Sign in to follow this  
ROBERTWILLIAM

1927 Packard

Recommended Posts

Wow.......a Pebble Beach car for 30k............who knew!

Share this post


Link to post
Share on other sites

At least they didn't call it a barn find. I can see it now: "featured marque: six-cylinder Packard sedans of the '20's!". I didn't know they made Non-Skid tires that big.

Share this post


Link to post
Share on other sites

Yes, when I go to Pebble Beach, I most look forward to seeing all the 6-cylinder 4-door sedans.

  • Like 1

Share this post


Link to post
Share on other sites
Posted (edited)

A perfect shuttle bus for Pebble Beach perhaps. And at the buy it now I doubt it is going anywhere fast. But still quite a decent survivor.  What would be a realistic price ? 20 G's tops ?

 

Greg in Canada

Edited by 1912Staver (see edit history)

Share this post


Link to post
Share on other sites

What is the image on the cover of the owner's manual?

A building complex? An aircraft carrier? A Louisville barbecue pit?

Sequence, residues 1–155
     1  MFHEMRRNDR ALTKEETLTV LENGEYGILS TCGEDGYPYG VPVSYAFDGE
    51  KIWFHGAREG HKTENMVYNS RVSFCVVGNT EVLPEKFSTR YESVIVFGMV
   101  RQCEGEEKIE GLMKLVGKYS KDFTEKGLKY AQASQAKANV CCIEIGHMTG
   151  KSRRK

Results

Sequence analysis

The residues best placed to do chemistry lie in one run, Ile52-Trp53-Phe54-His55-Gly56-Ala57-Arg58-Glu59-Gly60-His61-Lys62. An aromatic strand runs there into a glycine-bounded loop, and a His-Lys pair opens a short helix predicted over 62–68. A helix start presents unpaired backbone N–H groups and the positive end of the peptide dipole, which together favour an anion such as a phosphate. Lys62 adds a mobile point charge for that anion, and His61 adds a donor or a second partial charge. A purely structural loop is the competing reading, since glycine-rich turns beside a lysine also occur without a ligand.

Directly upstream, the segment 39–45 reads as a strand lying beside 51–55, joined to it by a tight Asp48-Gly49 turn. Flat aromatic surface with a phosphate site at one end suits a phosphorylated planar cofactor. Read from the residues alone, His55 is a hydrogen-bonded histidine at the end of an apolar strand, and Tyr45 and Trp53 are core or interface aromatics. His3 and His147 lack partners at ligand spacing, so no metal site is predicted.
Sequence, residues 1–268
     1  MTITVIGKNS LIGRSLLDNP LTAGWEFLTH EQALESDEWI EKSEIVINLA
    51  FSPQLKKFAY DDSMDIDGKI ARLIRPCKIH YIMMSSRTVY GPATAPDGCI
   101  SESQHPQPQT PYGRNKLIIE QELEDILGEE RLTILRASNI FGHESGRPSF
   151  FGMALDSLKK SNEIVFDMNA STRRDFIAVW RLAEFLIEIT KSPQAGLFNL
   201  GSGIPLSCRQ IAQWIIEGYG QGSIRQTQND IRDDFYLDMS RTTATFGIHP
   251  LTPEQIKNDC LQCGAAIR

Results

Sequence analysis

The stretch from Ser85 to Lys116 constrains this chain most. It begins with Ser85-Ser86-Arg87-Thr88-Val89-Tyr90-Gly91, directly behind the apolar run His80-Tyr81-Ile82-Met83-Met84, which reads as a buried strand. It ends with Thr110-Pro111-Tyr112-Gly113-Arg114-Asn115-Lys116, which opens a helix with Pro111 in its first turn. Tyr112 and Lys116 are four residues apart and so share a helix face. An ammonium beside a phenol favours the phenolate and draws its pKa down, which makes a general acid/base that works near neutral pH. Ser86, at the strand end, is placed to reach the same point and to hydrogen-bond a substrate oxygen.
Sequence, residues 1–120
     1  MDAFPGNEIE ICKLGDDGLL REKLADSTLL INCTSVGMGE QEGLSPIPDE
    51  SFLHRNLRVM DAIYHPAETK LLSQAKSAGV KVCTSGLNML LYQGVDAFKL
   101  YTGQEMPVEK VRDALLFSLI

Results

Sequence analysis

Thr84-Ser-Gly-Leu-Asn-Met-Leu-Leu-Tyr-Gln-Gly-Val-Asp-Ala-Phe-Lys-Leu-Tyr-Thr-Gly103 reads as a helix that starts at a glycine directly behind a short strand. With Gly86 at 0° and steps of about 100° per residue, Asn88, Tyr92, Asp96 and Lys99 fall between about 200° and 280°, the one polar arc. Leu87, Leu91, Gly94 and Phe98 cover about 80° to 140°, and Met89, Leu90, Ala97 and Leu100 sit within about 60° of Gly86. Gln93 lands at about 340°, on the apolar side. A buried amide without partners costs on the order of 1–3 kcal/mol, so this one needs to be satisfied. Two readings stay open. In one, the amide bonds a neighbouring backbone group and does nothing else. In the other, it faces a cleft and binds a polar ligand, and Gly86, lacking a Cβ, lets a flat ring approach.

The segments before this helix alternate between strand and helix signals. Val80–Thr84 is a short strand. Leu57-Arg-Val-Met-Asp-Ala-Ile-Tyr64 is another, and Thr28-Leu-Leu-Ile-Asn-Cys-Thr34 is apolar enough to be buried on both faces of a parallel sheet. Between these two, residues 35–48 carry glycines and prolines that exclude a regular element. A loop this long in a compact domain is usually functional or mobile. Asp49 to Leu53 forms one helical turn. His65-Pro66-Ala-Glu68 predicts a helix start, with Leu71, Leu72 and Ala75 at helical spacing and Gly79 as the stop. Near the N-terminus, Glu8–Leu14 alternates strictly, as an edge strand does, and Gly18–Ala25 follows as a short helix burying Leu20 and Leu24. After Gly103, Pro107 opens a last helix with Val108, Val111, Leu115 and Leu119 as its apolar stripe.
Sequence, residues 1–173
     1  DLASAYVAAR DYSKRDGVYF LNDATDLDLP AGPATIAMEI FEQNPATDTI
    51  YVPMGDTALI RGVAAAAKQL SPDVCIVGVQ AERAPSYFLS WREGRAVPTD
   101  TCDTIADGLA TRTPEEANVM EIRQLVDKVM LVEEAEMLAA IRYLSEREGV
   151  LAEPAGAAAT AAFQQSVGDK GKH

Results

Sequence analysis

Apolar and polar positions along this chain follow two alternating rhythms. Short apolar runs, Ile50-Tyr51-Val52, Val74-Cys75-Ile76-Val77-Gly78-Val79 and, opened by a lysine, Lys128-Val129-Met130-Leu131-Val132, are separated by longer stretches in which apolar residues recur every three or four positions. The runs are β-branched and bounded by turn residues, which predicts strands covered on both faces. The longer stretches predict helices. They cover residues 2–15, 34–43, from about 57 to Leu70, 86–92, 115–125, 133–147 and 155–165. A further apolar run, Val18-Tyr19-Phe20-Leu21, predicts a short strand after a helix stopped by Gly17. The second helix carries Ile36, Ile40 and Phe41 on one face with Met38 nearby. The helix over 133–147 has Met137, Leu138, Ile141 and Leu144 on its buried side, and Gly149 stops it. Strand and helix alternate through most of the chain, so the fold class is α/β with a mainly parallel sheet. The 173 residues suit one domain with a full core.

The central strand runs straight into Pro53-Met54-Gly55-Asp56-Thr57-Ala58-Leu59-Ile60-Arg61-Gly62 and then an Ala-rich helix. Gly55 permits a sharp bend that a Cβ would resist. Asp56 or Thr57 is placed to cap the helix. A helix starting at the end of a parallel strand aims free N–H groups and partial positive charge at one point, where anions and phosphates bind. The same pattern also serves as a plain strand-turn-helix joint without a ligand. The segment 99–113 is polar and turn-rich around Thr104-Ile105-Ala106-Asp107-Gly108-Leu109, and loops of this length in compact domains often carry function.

pack.jpg

Share this post


Link to post
Share on other sites

I believe it is the Packard plant viewed from the air.

 

Greg

  • Like 2

Share this post


Link to post
Share on other sites

Rather well-preserved Single Six.

  • Like 1

Share this post


Link to post
Share on other sites

Very nice car.......value is depressingly low.........

Share this post


Link to post
Share on other sites

Current market Value $ wise may be depressingly low - BUT quality value for the build of the car is high , the 6 cylinder cars were made as well as the 8 cylinder cars.

But that is only my opinion, and no I do not own a 6 cylinder Packard, never have, but friends have that I have experienced with great satisfaction .

Share this post


Link to post
Share on other sites
Posted (edited)

Walt, I agree, nice car. Just no one collecting them.  Similar story on the Pierce Series 80/81 six of the twenty’s.

 

Edited by edinmass (see edit history)

Share this post


Link to post
Share on other sites

I love it! Wish I could find a way to buy something like that.